Deputy Social Security Commissioner Paul B. Simmons told the Senate Aging Committee yesterday that his agency is moving as quickly as possible to "humanize" its procedures and make sure people are not dropped from the disability rolls on the basis of inadequate evidence or cursory examinations.
"We are trying to humanize the system," Simmons said, responding to testimony that improper psychiatric standards and incorrect presumptions by Social Security about the ability of mentally ill people to work is forcing thousands off the rolls who are totally incapable of holding jobs.
From January, 1981, to August, 1982, Social Security, acting at Congress' behest, reviewed 183,000 cases involving mentally ill beneficiaries and made initial determinations, which are subject to appeal, to drop 86,000.
Committee Chairman John Heinz (R-Pa.) said that evidence was overwhelming that the procedures and standards for removing people are wrong and produce "nightmare results . . . driving people literally to the brink of death." Heinz said Social Security should stop reviews of the mentally ill until it has greatly improved procedures.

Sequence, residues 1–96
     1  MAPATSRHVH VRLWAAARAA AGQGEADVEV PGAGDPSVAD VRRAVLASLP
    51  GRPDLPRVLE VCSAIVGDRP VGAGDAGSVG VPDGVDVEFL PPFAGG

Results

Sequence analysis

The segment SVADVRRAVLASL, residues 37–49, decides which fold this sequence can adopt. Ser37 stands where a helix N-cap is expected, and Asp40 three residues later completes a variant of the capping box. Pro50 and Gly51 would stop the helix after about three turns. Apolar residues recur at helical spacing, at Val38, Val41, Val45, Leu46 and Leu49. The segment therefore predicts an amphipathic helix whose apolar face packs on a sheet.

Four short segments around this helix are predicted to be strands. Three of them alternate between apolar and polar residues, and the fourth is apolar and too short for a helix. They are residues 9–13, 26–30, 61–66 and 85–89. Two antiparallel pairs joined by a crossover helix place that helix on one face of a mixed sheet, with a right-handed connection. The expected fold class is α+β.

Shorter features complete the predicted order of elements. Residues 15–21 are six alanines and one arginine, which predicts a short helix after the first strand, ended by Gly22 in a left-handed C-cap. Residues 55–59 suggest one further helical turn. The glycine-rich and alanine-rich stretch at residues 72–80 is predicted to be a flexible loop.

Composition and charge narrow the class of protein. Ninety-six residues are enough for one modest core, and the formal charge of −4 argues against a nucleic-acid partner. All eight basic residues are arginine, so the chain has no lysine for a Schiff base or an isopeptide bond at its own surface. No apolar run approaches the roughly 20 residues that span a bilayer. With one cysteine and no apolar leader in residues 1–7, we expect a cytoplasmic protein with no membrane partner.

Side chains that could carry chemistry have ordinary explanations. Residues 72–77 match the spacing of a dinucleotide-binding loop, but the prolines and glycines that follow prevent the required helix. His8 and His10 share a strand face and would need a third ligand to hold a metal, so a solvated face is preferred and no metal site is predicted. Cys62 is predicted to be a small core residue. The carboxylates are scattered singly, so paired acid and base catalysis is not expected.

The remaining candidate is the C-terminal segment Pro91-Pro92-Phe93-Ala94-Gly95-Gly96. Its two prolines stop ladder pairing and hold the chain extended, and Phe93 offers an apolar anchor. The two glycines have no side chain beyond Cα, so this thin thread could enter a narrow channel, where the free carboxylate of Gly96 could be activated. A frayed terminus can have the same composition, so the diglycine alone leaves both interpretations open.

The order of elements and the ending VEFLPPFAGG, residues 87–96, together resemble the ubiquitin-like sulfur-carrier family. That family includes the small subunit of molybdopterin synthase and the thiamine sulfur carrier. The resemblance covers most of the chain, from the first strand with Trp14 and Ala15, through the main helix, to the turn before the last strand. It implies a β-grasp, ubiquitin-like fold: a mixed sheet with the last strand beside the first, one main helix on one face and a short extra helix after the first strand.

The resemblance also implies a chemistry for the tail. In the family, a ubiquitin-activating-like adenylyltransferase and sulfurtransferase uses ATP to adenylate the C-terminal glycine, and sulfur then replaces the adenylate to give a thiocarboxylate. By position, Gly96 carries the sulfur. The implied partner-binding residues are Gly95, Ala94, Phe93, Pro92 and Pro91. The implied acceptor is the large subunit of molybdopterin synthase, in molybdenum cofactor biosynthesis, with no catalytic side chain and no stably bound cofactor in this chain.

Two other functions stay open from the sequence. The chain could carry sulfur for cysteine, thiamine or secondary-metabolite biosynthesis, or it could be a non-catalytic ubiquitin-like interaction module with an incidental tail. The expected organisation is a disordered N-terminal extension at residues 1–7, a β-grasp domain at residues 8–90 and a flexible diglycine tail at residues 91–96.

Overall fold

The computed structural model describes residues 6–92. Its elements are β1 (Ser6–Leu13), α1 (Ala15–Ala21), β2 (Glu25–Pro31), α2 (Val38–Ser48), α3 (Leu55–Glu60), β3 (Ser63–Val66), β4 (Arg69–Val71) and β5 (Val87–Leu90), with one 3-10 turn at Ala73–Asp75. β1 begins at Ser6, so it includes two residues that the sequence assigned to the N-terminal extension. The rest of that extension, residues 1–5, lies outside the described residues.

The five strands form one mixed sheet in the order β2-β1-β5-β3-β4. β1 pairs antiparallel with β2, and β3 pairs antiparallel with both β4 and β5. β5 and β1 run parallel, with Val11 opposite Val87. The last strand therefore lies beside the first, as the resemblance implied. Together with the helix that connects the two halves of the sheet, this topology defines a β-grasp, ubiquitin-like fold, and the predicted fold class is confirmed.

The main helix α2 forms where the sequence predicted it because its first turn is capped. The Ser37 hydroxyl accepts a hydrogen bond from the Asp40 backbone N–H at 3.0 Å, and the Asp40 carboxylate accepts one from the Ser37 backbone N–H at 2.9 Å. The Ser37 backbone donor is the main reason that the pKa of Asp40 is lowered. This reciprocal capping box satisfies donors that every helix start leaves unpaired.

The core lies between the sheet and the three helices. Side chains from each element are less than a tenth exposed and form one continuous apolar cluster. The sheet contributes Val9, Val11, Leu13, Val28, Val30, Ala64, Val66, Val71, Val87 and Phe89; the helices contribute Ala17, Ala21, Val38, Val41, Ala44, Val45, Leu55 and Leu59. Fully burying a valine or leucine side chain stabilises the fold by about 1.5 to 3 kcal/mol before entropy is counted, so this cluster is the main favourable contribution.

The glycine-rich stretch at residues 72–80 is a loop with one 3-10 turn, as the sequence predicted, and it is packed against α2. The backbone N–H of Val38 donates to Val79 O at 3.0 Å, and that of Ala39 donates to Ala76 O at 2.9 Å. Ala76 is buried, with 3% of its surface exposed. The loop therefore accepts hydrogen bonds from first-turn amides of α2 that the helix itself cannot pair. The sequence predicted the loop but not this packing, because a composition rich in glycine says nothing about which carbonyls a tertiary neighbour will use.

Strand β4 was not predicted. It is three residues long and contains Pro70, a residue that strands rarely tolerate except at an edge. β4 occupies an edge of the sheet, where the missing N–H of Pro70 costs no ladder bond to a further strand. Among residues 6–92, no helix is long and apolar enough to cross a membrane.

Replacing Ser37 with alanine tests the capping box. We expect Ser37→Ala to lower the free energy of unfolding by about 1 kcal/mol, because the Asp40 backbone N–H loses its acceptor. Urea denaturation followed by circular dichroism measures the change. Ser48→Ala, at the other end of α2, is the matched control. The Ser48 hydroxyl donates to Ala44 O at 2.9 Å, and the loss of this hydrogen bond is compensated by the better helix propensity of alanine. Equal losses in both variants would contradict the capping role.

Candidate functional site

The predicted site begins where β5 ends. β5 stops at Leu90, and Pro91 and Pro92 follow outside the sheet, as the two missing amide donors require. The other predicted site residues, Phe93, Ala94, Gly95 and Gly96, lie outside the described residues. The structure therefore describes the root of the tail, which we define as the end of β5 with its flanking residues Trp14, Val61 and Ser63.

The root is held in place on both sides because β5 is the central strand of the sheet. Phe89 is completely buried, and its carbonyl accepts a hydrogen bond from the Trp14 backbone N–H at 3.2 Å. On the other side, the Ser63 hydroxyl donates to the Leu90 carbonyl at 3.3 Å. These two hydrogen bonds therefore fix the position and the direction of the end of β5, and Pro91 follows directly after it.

Simmons denied that the Reagan administration had "toughened the program," but agreed that "deficiencies in the administrative process" exist and go back many years. He said the current administration had taken a number of steps to make the process more personal instead of leaving it a purely "paper process."
These steps included instituting face-to-face interviews at the start of the review and also at the first level of appeal, doubling quality-control surveys of state agency decisions, eliminating back billing of people (sometimes for years of benefits) if they are removed from the rolls and requiring the states to review all medical evidence.
He said he hoped to improve medical definitions of mental illness in cooperation with the American Psychiatric Association, enlist more trained medical personnel in decision-making and make sure that capacity to function in a job is not simply inferred from the fact that people can function in the less stressful surroundings of the home.